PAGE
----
Our article titled Risky business looks at an emerging approach to help IT departments better deal with the onerous task of deciding how many resources to throw at problems that pose risks to the enterprise, and where to throw those resources. The problem in question is one that has dogged corporations for as long as the concept of a free-market economy has existed.
Today, however, with large and medium-sized firms stratified into so many different departments and divisions, with each of them often giving the appearance of a small company unto themselves, the question of resource allocation has grown more complicated than at any other time in history.
Hence, the emergence of numerous vendor tools, as well as other industry benchmark guidelines such as the OCTAVE methodology. These tools bring together data sets from throughout an organization and, once coalesced, attempt to give decision-makers a clear understanding of what group needs more resources and why. By approaching the problem in such a scientific way, the models hope to deliver a rational, clearly measured set of reasons why a certain amount of money should go to one area and not another.
Collectively, they represent a positive and potentially revolutionary way of looking across an organization and determining the best way to dole out funds to maximize growth.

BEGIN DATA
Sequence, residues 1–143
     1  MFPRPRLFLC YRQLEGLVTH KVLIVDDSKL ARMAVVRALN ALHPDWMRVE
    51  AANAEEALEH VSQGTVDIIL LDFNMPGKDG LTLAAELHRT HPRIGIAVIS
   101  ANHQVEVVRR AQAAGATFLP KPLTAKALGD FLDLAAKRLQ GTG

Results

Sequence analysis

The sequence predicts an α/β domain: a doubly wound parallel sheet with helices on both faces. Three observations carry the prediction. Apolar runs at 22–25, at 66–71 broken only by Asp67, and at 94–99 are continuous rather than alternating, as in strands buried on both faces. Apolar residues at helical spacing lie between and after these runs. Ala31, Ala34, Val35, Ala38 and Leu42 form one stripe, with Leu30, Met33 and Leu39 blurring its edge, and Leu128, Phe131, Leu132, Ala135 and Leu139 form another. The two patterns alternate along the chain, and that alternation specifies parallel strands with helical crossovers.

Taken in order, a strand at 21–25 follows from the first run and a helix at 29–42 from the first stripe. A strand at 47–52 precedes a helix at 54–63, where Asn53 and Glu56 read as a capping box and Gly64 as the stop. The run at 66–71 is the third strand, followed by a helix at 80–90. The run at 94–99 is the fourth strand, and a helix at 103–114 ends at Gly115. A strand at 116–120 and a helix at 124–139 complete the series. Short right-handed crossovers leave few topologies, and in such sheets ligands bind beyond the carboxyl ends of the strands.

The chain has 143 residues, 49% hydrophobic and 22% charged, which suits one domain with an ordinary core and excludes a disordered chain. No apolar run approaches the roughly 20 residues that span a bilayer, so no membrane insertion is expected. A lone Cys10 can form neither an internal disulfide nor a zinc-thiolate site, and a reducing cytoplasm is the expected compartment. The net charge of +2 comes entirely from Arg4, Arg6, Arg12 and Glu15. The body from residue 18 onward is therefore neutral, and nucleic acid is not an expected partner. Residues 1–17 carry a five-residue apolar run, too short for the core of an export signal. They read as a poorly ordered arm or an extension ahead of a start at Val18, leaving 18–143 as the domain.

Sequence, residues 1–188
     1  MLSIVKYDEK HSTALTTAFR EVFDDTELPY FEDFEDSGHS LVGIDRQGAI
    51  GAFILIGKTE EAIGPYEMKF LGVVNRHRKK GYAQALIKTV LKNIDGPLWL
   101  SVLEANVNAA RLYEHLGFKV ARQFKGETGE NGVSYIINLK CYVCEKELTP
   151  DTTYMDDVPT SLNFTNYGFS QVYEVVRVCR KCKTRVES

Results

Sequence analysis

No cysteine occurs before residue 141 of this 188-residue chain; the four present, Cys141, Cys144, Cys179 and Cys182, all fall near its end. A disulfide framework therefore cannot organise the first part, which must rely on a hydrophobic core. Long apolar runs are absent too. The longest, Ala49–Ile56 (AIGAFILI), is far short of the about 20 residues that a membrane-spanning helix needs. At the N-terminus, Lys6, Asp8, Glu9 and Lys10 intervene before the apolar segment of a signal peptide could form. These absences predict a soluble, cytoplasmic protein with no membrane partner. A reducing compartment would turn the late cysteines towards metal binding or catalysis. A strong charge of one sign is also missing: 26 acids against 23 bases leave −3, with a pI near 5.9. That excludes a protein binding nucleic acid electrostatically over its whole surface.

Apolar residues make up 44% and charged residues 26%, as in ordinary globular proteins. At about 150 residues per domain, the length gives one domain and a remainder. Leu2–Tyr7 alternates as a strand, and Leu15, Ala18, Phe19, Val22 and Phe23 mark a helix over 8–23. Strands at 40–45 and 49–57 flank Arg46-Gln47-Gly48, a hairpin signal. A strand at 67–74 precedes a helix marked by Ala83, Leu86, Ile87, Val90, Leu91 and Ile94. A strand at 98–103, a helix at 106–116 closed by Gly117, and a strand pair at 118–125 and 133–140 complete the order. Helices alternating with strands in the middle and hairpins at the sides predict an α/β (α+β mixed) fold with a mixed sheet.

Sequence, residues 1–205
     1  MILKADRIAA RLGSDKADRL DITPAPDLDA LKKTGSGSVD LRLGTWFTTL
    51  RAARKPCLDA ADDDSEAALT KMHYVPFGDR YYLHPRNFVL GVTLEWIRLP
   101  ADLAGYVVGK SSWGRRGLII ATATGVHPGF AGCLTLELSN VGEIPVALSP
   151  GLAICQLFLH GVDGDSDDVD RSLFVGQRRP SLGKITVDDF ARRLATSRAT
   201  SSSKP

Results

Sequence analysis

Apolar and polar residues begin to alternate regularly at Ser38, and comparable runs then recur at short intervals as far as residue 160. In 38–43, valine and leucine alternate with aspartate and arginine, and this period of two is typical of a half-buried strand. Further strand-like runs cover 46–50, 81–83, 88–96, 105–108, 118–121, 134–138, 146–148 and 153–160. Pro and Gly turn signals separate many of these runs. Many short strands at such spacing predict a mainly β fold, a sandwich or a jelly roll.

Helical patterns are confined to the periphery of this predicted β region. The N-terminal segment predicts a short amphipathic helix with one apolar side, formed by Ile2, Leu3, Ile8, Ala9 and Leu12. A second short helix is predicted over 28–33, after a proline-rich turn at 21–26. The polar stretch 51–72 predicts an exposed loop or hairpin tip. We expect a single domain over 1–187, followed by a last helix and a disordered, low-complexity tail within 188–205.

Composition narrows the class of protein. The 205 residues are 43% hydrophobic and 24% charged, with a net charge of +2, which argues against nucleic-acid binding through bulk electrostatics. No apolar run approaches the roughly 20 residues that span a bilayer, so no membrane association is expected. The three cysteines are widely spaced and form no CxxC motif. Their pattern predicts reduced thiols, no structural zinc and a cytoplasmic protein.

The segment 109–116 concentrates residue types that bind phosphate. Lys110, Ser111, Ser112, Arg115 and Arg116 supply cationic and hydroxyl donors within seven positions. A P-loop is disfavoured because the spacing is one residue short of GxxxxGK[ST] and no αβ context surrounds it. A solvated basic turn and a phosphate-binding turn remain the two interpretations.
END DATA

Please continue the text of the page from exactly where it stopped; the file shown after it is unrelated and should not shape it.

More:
The organizations putting forth models for risk assessment should be commended for their efforts to help make the process of resource allocation easier for companies trying to arrive at the most effective way to spend their money on tackling risk throughout the organization.
However, it appears that for now, at least, in order for the concepts to truly pay off, any company that implements them will have to have their house in order for them to have any significant degree of positive effect. That means the existence of open, constructive communication between department heads, the executive level and, of course, the IT department. It requires that all individuals involved in the process have the time to devote to the implementation of the models’ tenets, as well as the commitment to “spreading the gospel” around their worth and eventual payoffs.
It appears that the most likely early adopters of risk assessment models are, as in most other cutting-edge technology implementations, financial institutions. For smaller outfits in other vertical markets, the process will probably continue to be an ad-hoc one, with inexact and often unsatisfying results.